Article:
Another French movie focusing on a family, and how globalization slowly erases its roots, is Olivier Assayas’s L’Heure d’été (Summer Hours). Three siblings – Adrienne, Frédéric and Jérémie (Juliette Binoche, Charles Berling and Jérémie Renier), living in New York, Paris and Shanghai respectively – have to decide what to do with their family home and art collection after their mother’s passing. Rather than showcasing a dramatic fight over the inheritance, Assayas shows this family coming to a decision calmly and rationally. The siblings take each other’s current circumstances into account before agreeing to sell the house and art collection – two vital pillars of their family’s history. In one telling scene Frédéric (Berling) and his wife visit his mother’s work desk – now a piece of the Musée d’Orsay’s permanent collection. Just a short while ago, this table was a well-used piece of furniture in a home , and now it has been transformed into a piece of art no longer meant to be touched. The idea for Summer Hours materialized when the Musée d’Orsay approached Assayas and asked him to make a film utilizing the museum and its art collection. In the process Assayas was given unprecedented access to its art work and facilities.
Staying in France, Arnaud Desplechin’s Un conte de Noël (A Christmas Tale) explores a strongly matriarchal family and how the husbands and sons arrange their lives around the women in them. Catherine Deneuve is Junon, mother of three adult children and grandmother of three, who has been diagnosed with a rare form of cancer. Only a donor who is a perfect match can potentially enable her to survive. Junon’s only two potential donors are her son Henri (Mathieu Amalric), who has been banished from the family by his sister Elisabeth (Anne Consigny), and her psychologically fragile grandson Paul (Emil Berling), Elisabeth’s son. Upon Paul’s invitation, Henri shows up for the holidays. His arrival triggers the unveiling of some family secrets and spurs attempts at resolving them. For A Christmas Tale Desplechin has assembled a beautiful ensemble cast, who deliver just the right amount of emotion for this many layered tale, which makes every minute of this family drama gratifying to watch.
Moving on to Argentina and another film with a strong female lead, Lucrecia Martel’s latest work, La Mujer sin cabeza (The Headless Woman), is a quiet yet intense piece about Veronica (María Onetto) – a middle aged dentist struggling with guilt and grief after a hit-and-run accident. She never clearly acknowledges these feelings and simply continues with her daily life seemingly unaffected, yet the audience can sense her inner turmoil. Martel dissects the turbulent conflict of her main character with a subtleness that quietly brings them to the attention of the audience. The Headless Woman is Martel’s third feature film and completes her trilogy of films pertaining to Salta, a region in Argentina where she grew up.
From Kazakhstan comes Tulpan by Sergey Dvortsevoy about living on the steppe – and how this harsh landscape shapes and influences family life. Ex-soldier Asa returns home dreaming to become a shepherd with his own herd. However, unless he marries, this dream will be impossible to reach. In this region unmarried women are rare – and Tulpan, his only candidate rejects him.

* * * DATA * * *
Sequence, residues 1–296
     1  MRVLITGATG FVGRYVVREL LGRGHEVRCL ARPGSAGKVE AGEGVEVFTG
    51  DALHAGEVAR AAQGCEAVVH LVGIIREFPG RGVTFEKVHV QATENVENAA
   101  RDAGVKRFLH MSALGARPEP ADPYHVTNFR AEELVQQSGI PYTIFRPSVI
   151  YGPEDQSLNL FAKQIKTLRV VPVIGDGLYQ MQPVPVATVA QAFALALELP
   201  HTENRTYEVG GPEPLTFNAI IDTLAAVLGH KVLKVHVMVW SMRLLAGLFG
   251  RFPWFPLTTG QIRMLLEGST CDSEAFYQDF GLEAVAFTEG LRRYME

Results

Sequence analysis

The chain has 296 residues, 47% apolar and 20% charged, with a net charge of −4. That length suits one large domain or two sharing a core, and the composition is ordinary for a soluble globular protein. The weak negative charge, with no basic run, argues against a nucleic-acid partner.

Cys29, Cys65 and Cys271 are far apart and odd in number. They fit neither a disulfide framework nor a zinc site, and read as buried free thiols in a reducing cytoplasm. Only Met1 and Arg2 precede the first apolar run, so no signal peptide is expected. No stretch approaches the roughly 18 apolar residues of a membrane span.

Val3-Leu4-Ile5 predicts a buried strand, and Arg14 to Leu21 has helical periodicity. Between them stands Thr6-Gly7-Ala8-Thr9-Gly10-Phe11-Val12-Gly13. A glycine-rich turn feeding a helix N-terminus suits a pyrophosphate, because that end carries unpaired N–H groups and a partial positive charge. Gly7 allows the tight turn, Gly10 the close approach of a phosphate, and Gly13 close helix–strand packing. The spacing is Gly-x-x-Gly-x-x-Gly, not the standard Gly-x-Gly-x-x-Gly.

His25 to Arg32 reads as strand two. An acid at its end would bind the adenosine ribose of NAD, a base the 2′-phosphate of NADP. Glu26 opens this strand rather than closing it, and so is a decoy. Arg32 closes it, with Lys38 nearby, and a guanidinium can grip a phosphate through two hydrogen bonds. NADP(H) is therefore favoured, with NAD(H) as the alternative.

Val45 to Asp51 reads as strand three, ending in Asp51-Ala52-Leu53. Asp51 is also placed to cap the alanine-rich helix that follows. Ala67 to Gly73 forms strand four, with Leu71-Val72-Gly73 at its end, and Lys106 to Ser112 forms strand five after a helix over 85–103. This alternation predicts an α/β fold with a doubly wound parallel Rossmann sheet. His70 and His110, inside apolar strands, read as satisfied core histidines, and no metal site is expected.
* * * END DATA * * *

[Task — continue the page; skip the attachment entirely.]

Tulpan is a poetic work with gorgeous long shots of this singular landscape captured by Polish DP Jolanta Dylewska. Much of the film’s beauty and charm derive from its natural elements, such as the weather and animals. As Dvortsevoy explained, once Dylewska and he started shooting some of the breathtaking footage of natural events, together with the reactions of the different animals, the focus of original story shifted slightly to accommodate such beauty. Dvortsevoy’s previous documentary work gave him the security and patience to know that spending additional time during production phase would allow him to capture the right moments for his film. At the end of the press conference, Dvortsevoy thanked all of his producers for their patience and generosity in letting him make the film he envisioned in the time that he needed.
Looking at family as a microcosm of society, Tokyo sonata (Tokyo Story), by Japanese filmmaker Kiyoshi Kurosawa, tells the story of a seemingly content Tokyo middle class family. However, once the father loses his job, and is too ashamed to tell his wife, this family slowly but surely falls apart. Kurosawa shows the devastating effects of non-communication on the entire family – between husband and wife, as well as parents and children. However, even though the situation seems irreversible, at the every end Kurosawa redeems his characters, and we are left with a glimmer of hope – that this family may be able to save itself after all.
In addition to the film screenings of the main program as well as the sidebars, there were a number of talks and panels with guests of the festival. For the fourth year, HBO sponsored the popular HBO Film Dialogues, a series of in-depth discussions between a filmmaker of the festival and a member of the NYFF 2008 selection committee. This year’s filmmakers were the China’s Jai Zhangke, Hong Kong’s Won Kar-Wai, Brooklyn’s Darren Aronofsky, and France’s Arnaud Desplechin. Taking their recent work at the festival as merely a starting point, the conversations spanned their entire body of work. Topics and themes included how they got started, what inspires them, whom they work with, and how they approach their art. After these enlightening one-on-ones, the floor was opened to the audience for an extended q&a session. Lasting around 90 min, these dialogues offer the audience valuable insight into the creative process of these exceptional artists. The elegant Kaplan Penthouse atop the Film Society’s offices provided a location that offers the right mix of casualness and concentration.
Overall, this year’s New York Film Festival was a visual feast filled with A-list festival highlights.